Romeo and Juliet is a tragedy written by William Shakespeare early in his career about two young star-crossed lovers whose deaths ultimately reconcile their feuding families. It was among Shakespeare's most popular plays during his lifetime and along with Hamlet, is one of his most frequently performed plays. Today, the title characters are regarded as archetypal young lovers. Romeo and Juliet belongs to a tradition of tragic romances stretching back to antiquity. The plot is based on an Italian tale translated into verse as The Tragical History of Romeus and Juliet by Arthur Brooke in 1562 and retold in prose in Palace of Pleasure by William Painter in 1567. Shakespeare borrowed heavily from both but expanded the plot by developing a number of supporting characters, particularly Mercutio and Paris. Believed to have been written between 1591 and 1595, the play was first published in a quarto version in 1597. The text of the first quarto version was of poor quality, however, and late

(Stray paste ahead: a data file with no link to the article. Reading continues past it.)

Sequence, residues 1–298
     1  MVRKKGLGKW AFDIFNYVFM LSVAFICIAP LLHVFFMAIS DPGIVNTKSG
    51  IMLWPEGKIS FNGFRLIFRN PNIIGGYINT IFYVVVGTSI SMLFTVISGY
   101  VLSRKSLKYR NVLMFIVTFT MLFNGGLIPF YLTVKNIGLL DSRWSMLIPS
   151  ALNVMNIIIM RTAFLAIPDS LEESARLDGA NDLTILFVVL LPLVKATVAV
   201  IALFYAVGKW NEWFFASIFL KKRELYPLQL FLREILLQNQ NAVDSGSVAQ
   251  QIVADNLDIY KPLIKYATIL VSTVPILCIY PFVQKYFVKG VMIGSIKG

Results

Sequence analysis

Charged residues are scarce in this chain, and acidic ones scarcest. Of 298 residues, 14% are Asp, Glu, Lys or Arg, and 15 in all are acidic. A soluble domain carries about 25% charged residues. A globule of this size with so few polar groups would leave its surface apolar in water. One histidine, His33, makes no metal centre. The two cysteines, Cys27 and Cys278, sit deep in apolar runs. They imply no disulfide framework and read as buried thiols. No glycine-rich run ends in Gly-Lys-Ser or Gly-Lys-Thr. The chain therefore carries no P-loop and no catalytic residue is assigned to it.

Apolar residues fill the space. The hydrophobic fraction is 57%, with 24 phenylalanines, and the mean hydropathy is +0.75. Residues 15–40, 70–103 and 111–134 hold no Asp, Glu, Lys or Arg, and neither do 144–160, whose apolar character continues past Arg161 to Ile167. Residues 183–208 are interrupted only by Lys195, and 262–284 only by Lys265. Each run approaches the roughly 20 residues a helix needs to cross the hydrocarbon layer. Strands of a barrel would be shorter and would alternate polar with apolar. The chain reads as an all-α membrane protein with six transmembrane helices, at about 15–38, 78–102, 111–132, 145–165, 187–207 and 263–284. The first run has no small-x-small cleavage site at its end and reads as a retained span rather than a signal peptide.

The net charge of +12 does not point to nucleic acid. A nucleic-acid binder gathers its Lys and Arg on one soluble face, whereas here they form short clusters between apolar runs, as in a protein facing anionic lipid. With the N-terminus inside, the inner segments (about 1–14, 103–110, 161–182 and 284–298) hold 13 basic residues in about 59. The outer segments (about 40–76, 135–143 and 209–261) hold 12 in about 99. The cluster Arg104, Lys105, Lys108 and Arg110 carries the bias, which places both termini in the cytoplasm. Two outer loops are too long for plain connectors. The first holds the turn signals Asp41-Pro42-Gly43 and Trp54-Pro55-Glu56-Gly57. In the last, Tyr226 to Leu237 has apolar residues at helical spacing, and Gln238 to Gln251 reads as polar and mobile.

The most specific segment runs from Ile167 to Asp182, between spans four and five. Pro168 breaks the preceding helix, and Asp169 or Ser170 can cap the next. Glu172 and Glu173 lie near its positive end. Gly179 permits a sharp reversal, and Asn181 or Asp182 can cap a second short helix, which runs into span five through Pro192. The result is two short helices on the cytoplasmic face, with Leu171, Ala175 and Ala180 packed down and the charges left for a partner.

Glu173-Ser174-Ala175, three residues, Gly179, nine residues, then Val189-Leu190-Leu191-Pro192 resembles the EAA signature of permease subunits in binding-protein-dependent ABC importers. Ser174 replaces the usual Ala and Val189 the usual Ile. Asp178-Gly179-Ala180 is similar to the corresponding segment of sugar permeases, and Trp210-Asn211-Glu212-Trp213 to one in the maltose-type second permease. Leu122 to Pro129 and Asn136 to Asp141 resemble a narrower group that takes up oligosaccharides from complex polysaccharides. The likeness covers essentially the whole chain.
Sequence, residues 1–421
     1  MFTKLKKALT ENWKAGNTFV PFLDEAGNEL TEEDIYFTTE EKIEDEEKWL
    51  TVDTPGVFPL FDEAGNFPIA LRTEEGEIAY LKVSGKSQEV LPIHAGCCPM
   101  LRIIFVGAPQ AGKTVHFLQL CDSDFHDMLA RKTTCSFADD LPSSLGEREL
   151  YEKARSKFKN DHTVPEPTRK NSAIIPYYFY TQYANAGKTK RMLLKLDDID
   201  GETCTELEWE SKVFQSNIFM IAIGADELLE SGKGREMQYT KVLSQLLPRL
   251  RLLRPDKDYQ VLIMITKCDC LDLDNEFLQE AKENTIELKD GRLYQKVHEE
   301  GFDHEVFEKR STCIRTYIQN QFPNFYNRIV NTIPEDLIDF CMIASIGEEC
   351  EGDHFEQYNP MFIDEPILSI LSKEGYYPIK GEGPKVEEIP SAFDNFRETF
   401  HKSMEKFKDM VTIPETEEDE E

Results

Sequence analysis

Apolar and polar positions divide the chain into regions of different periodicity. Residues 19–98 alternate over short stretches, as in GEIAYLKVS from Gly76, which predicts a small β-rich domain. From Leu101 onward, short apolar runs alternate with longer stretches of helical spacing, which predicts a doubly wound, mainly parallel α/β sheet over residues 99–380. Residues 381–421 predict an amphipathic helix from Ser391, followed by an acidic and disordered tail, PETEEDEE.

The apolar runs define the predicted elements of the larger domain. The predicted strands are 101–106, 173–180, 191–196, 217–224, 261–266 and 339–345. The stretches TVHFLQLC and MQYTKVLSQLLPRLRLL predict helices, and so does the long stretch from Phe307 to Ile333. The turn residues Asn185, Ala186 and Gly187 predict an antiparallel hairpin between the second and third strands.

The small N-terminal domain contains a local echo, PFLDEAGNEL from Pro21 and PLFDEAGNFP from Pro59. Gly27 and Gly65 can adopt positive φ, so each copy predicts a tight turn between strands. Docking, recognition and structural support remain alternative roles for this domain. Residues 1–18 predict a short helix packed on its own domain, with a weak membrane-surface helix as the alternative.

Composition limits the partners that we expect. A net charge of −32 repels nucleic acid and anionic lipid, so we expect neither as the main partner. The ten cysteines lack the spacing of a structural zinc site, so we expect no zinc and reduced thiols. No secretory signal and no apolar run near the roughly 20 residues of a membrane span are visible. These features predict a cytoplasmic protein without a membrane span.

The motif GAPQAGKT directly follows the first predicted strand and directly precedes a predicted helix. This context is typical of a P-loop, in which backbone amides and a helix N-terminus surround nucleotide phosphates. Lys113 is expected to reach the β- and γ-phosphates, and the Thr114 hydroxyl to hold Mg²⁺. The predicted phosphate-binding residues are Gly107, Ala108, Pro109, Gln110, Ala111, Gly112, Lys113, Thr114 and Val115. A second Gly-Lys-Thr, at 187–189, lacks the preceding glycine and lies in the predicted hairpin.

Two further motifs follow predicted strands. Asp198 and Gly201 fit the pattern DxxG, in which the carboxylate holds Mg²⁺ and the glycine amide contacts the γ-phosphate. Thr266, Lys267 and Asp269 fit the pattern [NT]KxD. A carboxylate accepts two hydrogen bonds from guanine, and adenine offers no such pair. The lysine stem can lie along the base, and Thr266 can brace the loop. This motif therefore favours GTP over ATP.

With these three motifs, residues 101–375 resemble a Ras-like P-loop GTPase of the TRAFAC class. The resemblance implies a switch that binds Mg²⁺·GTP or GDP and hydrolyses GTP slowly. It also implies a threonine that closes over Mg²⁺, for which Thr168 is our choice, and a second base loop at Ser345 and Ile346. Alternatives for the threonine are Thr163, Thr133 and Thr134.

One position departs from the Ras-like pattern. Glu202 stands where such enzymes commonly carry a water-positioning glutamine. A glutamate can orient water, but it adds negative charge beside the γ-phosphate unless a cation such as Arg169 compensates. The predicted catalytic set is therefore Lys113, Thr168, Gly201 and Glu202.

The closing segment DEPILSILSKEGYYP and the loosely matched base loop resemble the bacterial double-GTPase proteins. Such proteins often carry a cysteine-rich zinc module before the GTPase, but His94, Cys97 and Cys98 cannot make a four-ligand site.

William Shakespeare was born in Stratford-upon-Avon, Warwickshire, England. He was an English poet, playwright, and actor, generally viewed as the greatest writer in the English language and the world's greatest dramatist. He is regarded as England's national poet and the "Bard of Avon" (or simply "the Bard"). His extant works, including collaborations, consist of some 39 plays, 154 sonnets, two long narrative poems, and a few other verses, some of the unsure authorship. His plays have been translated into every major contemporary language and are performed more often than those of any other playwright. He married Anne Hathaway at the age of 18 with whom he had three children: Susanna and twins Hamnet and Judith. he began a successful career in London as an actor, writer, and part-owner of a playing company called the Lord Chamberlain's Men, later known as the King's Men Sometime between 1585 - 1592. At age 49, he appears to have retired to Stratford, where he died three years later.